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work ethic - vacation ethic

updated thu 8 jul 04


claybair on wed 7 jul 04

My husband just went back to work after nearly 2 weeks off.
We discussed going somewhere for a "vacation" several times.

We stayed home where I was in the studio creating new work
14-18 hours a day and he did the same in his studio
creating some new music. It was great!

My work is my vacation.... now how fabulous is that!!!!!
Gayle Bair
Bainbridge Island, WA

-----Original Message-----
From: Clayart [mailto:CLAYART@LSV.CERAMICS.ORG]On Behalf Of David
Sent: Tuesday, July 06, 2004 9:20 PM
Subject: Re: Work Ethic

My favorite comment about the work ethic comes from Kemmons Wilson,
the founder of the Holiday Inn motel chain.
Rule number one from his "Twenty Tips for Success":
"Work only a half a day; it makes no difference which half; it can be
either the first 12 hours or the last 12 hours."

I also like to work and start to go nuts if a vacation drags on for
too long.
I have a preacher friend who is of the same persuasion, always working
on some building project. He was a heavy equipment mechanic until, later
in life, he "received the call".
I once mentioned to him that I wasn't so sure about Heaven. I mean, I start
getting restless after three days when there is nothing to do but relax.
"Don't worry," he said with a wink, "even streets of gold have potholes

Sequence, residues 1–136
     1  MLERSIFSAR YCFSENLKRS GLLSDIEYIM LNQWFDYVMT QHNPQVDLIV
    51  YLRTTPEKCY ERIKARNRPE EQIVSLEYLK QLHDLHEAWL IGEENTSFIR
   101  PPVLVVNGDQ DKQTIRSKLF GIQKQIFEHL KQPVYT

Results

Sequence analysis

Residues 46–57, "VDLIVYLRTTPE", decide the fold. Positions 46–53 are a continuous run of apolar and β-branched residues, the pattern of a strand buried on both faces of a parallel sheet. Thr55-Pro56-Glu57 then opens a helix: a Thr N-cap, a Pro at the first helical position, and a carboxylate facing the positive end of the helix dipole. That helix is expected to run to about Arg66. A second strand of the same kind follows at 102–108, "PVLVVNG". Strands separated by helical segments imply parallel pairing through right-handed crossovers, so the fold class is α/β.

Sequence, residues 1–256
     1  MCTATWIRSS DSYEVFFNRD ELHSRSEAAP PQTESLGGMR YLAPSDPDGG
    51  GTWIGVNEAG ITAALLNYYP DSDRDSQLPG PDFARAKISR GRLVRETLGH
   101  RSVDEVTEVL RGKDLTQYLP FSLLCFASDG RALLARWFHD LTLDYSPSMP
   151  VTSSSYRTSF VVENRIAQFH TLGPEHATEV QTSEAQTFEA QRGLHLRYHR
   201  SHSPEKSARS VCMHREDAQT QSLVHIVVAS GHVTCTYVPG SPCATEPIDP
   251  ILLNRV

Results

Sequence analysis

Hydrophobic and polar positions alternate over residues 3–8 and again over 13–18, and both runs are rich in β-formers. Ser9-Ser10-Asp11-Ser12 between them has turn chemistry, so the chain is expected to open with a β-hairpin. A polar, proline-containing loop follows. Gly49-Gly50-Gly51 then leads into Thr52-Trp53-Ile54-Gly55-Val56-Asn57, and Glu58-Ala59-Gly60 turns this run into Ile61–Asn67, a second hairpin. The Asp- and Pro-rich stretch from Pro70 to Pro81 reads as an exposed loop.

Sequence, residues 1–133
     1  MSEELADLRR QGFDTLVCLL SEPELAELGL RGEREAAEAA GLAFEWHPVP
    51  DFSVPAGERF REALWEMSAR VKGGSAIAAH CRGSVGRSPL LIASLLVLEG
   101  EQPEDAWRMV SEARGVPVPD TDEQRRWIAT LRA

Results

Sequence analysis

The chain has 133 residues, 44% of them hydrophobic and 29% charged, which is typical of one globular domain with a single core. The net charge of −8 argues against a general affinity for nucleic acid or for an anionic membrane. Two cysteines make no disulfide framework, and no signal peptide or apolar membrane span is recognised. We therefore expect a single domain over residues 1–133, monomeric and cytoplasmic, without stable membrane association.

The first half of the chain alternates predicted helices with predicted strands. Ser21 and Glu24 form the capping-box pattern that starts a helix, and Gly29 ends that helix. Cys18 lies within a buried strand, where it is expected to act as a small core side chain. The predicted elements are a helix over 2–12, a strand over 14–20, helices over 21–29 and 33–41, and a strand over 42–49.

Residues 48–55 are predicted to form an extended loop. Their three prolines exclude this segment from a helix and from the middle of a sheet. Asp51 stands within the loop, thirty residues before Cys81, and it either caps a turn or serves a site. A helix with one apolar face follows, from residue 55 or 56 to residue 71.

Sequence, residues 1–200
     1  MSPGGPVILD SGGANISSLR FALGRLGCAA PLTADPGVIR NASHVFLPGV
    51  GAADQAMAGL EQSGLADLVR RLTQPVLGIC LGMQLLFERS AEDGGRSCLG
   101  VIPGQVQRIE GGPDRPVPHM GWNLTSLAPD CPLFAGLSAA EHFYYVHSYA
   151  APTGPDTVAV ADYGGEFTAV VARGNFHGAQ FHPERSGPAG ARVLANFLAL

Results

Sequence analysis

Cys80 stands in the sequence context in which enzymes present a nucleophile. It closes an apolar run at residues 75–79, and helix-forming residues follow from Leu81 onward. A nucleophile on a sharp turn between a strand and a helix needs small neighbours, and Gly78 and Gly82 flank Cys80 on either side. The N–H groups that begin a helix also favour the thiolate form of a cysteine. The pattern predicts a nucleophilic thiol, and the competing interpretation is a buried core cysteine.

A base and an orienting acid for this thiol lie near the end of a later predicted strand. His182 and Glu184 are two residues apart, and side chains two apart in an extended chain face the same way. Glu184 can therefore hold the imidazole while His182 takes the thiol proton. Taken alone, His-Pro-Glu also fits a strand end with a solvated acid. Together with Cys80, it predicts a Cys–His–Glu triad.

that need to be filled."

As for Mel's contention that potters are in "a number's game", the thesis is
confirmed in the book "Art and Fear", by David Bayles and Ted Orland.
They relate an interesting experiment undertaken by a ceramics teacher.
On the first day of class he announced that he was dividing the class into
two groups, with one group to be graded solely on the quality of their work
and the other only on the quantity of their work. A funny thing happened:
at the end of the class, all the work of the highest quality came from the
group being graded for quantity!
While the students in the "quality" group were designing and thinking about
that one masterpiece that would earn them an "A", those in the "quantity"
group kept their hands in clay, practicing and repeating forms so often that
they became capable potters.

P.S. Taylor: there is a spare bedroom downstairs, and I buy clay 2800
pounds at a time. We need to make 5 trips to the scrap wood yard for
kiln wood. When do you want to start?

David Hendley

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